Successfully maintaining a weight loss is all up to you. The same hard work and dedication that leads to short-term weight loss is necessary for achieving long-term results. The 10% of people who’ve lost weight and continued to keep it off (myself included) have four things in common:

  1. They implemented a dietary weight loss plan involving moderate calorie restriction (a reduction of daily calorie intake by 15-17 percent) with sensible eating strategies.
  2. They supplemented their dietary weight loss plan with structured exercise (cardio activity and weight training) and spontaneous physical activity (taking the stairs and sporadic walking).
  3. They maintained sensible eating patterns after achieving weight loss.
  4. They continued to accumulate at least an hour of daily exercise/physical activity after weight loss, indefinitely.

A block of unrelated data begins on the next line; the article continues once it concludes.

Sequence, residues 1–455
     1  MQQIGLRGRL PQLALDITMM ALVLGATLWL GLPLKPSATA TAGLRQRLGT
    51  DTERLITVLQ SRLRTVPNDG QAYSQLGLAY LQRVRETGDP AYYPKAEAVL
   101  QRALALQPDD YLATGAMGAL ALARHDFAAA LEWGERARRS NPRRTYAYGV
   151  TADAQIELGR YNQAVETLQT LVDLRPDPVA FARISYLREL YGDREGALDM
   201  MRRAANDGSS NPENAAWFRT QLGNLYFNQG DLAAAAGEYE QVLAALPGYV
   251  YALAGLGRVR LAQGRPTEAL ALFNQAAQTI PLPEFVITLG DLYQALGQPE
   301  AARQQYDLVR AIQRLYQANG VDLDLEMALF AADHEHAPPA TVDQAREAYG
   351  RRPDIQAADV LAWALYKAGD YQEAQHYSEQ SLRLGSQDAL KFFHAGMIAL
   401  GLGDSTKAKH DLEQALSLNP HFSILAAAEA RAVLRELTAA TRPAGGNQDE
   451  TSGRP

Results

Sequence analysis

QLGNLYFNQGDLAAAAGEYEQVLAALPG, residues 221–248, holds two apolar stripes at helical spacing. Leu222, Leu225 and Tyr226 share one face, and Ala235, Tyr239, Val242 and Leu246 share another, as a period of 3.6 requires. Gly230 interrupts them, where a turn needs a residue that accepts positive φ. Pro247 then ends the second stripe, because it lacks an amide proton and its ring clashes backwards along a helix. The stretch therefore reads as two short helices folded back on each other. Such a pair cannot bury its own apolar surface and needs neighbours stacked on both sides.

Once again, whether or not you’re successful is all up to you. With over 15 years in the game, I can confirm that these four strategies work. But, they require just that — WORK.

Pick up a copy of Leaving Your Fat Behind and learn what it takes to achieve and maintain good health through weight control.

Disclaimer: The information provided is for educational and informational purposes only and is not intended to diagnose, treat, cure or prevent any disease. Any reader who is concerned about his or her health should contact a physician for advice.

Before starting an exercise training program you should first make sure that exercise is safe for you.  If you are under the age of 55 years and generally in good health, it is probably safe for you to exercise.  However, if you are over 55 years of age and/or have any health problems, be sure to consult with your physician before starting an exercise training program.